I turn 27 in a little under 3 weeks.
It's a random age -- it certainly does not fit into our love towards the multiples of 5 and 10 -- but I can't help but trip out about it. It's not a bad tripping out, per se, but it's a type of tripping-out that would make all the acid and 'shrooms blush.
I remember having an existential panic at 20. The realization that I wasn't a teenager anymore threw me for a loop and I went through what only can be described as an early quarter-life crisis. Realizing that everything I did would impact the rest of my life had me doubting every little turn I made. As a result, I was worried about how I'd react to 25. My twenty-fifth birthday came and went and I found myself reacting in a completely different way.
Instead of throwing me into a tailspin of doubt and anxiety, turning 25 gave me a confidence boost. I looked back on the past 25 years and knew I was on the right track. I had graduated college summa cuma laude. I was certified to teach in one state and working on my credentials in another. I was unemployed a grand total of a month between moves, and was starting to get the swing of things as a substitute teacher. I had written my first manuscript and was in the thick of agency-hunting. I was learning yoga and tai chi and even a little ice hockey. I was married to the one guy who could complement my crazies and keep me center. If anything, 25 solidified that I was going about my life in the right way.
I'm thankfully not having a repeat of turning 20, but I am still having a moment of realization. Maybe it's because 27 means you're in your "late 20s", when, truth be told, I don't feel a day over 23. Maybe it's because I went through so much change in a few months.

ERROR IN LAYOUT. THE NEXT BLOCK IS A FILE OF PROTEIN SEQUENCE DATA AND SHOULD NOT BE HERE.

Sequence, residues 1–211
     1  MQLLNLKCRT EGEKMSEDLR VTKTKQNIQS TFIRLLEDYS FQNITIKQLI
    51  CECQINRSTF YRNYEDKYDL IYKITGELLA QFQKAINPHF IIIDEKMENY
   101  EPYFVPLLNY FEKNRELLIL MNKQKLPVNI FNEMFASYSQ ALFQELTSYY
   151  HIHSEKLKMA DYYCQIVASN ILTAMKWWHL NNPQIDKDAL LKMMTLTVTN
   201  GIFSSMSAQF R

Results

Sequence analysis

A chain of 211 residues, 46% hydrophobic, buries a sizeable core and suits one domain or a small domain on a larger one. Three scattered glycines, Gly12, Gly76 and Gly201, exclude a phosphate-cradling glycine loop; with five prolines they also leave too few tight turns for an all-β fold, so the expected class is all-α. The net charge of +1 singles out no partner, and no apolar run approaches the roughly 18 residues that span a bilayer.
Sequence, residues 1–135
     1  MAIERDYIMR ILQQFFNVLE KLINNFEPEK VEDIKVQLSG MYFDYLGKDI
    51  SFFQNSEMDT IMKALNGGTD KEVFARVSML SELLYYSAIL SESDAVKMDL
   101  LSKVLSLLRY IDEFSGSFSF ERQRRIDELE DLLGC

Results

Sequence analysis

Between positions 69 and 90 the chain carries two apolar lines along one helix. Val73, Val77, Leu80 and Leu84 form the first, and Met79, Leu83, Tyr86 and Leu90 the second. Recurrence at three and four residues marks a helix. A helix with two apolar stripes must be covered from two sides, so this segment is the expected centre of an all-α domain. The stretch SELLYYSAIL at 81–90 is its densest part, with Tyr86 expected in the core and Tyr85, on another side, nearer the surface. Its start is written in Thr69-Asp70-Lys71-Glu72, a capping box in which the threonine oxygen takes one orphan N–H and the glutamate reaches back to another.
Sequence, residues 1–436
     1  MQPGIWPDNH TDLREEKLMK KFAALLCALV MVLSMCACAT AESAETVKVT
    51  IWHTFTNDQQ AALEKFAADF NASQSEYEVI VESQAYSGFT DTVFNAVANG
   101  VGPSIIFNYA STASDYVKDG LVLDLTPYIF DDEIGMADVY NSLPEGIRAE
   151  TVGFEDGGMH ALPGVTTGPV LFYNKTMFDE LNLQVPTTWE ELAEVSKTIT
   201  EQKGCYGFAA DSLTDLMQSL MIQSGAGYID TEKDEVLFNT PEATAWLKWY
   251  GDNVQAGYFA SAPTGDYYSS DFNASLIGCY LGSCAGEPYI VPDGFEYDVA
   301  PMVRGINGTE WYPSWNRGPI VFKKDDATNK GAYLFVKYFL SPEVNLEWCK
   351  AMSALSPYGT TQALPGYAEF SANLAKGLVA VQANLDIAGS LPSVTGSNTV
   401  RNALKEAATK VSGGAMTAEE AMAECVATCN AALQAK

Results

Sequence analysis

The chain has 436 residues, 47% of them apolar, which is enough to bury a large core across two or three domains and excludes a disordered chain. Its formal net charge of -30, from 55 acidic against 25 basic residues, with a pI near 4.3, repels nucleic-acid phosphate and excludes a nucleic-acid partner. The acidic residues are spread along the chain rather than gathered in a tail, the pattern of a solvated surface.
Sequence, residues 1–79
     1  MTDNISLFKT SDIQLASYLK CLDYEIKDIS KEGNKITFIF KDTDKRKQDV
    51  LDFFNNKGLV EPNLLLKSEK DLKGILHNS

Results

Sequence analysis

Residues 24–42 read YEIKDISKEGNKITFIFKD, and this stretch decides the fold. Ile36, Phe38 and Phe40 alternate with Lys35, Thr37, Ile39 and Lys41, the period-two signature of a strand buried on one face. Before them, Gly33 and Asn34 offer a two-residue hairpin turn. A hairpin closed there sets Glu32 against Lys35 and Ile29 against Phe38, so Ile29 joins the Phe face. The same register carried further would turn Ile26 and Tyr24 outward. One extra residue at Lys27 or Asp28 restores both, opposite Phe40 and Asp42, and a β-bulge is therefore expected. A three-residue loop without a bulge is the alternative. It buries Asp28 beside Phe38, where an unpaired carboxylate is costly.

Or maybe it's because I'm closer to trying to start a family than I am to how old I was when I got married.
The on-going joke with my in-laws is "no pressure". It started off as an innocent comment: my mother-in-law joking that, "I don't want you to feel pressured, but when you are ready to have kids, we certainly are ready to be grandparents." That night, my aunt-in-law made a comment about when I have a baby (since Isaac and I were the only pair out of the group of cousins who are married at that time). She stopped what she was saying, turned to me, and said, "No pressure, though!" Which sent in immediate in-law family into a round of laughter.
The joke has evolved to the point that all my sister-in-law has to do is type "#" in a comment or text (which is short for #nopressure). The joke has taken on a life of its own, which I take in stride, since I'm not actually being pressured to have kids.
I always imagined starting a family at 28. The older I get, the more that age bumps up to 29, but even then -- that's barely 2 years away. In fact, if you factor in trying for a kid (and not magically getting it on the first try), that's only a year away. Even if I wait until I turn 29 to even attempt, it's still a shorter amount of time between now and then (2 years, 3 weeks), than between my marriage and now (2 years, 3 months).
If there is anything I've learned about growing up, it's that none of us actually grow up. We just look around and go, "Well, guess I'm an adult now," and act accordingly. There's still so much to get done before motherhood (including, ideally, a half marathon and two marathons, but my knees are begging to differ), but it's going to come before I know it.
No pressure, of course.